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May 16, 2017

Comments

Hey Kevin,

Nice write up on this proposal by the AIPLA on revising 35 USC § 101-I hope it gets traction in Congress. I particularly like the fact that it makes no mention of "abstract idea" being relevant to patent-eligibility. I guess that AIPLA has decided that if SCOTUS won't define what this term means (i.e., per Alice), than perhaps it shouldn't be part of the patent-eligibility equation in 35 USC § 101 at all.

I would say, "is known to exist in nature". That stupid rule prevented GE from getting a patent on the diamond it invented.

If I can correlate A with B, is that patentable? Would that be a process that can be performed "solely in the human mind?" I'm thinking of a Mayo v. Prometheus situation.

At first sight a very useful and workable proposal It deserves to gain traction.

"or can be performed solely in the human mind" would cover a claim limited to the correlation. A claim that further recites ways of detecting that correlation, not otherwise known in the prior art, might (and I emphasize might) be a different story.

This comment from SRG reminds me of the differences inherent in discussions of math, applied math (aka engineering), and Math(S) - the philosophical extension of both math and applied math.

And it also reminds me that the focus is obscured just a bit with the thrust of the question.

Patents protect utility.

A thought - ON ITS OWN - does not have the utility that patents seek to protect. If there is an implied attempt to indicate that patents "cover" these things known as purely mental steps, then that attempt is not an attempt at clarity, but rather, it is an attempt at obfuscation. It is a moving of goalposts from what a claim may be to a claim GEARED ONLY to a "mental steps" ideological framework.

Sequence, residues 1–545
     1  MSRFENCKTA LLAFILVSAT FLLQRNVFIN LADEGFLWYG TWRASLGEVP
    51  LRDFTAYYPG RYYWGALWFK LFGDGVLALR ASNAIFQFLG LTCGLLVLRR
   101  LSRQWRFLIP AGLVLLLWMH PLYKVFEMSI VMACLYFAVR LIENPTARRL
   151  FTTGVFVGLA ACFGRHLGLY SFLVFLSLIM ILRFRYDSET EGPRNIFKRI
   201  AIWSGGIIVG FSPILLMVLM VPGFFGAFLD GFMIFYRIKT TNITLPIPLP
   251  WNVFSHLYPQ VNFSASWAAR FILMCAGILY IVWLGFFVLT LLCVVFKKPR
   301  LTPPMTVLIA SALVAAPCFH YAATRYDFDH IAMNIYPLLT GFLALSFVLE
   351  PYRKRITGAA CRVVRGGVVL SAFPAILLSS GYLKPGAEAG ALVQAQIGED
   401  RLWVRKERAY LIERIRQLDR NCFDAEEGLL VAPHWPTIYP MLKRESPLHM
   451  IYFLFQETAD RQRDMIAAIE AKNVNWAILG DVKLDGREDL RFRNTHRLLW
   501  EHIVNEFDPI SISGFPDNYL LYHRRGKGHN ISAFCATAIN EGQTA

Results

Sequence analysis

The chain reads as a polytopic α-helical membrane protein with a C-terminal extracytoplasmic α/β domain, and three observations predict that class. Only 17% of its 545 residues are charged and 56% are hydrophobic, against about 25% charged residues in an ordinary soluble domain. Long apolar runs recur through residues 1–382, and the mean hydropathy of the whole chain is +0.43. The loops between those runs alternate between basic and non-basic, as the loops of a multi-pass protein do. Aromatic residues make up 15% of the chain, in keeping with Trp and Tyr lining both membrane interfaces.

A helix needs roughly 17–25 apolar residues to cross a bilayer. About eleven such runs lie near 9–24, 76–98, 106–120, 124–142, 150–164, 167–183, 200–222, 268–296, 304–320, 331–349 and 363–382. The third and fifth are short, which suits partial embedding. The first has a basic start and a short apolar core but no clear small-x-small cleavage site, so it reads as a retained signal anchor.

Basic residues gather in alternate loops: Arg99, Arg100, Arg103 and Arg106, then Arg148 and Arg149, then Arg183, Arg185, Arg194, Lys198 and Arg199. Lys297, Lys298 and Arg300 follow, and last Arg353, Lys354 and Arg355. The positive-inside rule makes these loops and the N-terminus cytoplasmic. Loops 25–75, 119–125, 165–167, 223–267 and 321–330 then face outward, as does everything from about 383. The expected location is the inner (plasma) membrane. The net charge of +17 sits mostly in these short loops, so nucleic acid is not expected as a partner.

The "solely" aspect is meant to reinforce a concept already present in patent law, but that has been the focal point of a renewed (some may say "Zombie") attack based on that decrepit mental steps theory.

As other patent blogs have noted, and as one certain patent blog owner has even coined a phrase describing the situation, there is a very real difference between any claim - taken as a whole - that exists SOLELY in the mind, a claim that is written (painstakingly) entirely in "objective physical structure terms" and a claim that exists in a Vast Middle Ground, with ELEMENTS of structure, perhaps mental steps, and other PURELY OPTIONAL claim formatting.

The patent system has long been under attack by those who would see the merely optional claim form of "objective physical structure" NOT be an option.

As might be expected, this attack circles around the single most accessible form of innovation in the world: software.

However, it should be kept sharply in mind, that as long as one is at least in the Vast Middle Ground, one is NOT in the "entirely in the mind" zone that this new rendition of 101 is meant to emphasize.

To that end, Dr. Noonan, your comment of " A claim that further recites ways of detecting that correlation, not otherwise known in the prior art, might (and I emphasize might) be a different story." is NOT correct as to what the aim of this legal change is.

You may be correct with that comment as it may apply (or not apply, depending on the whims of whichever judicial panel that you draw) with the CURRENT law, as the current law has been mashed (like a nose of wax, even).

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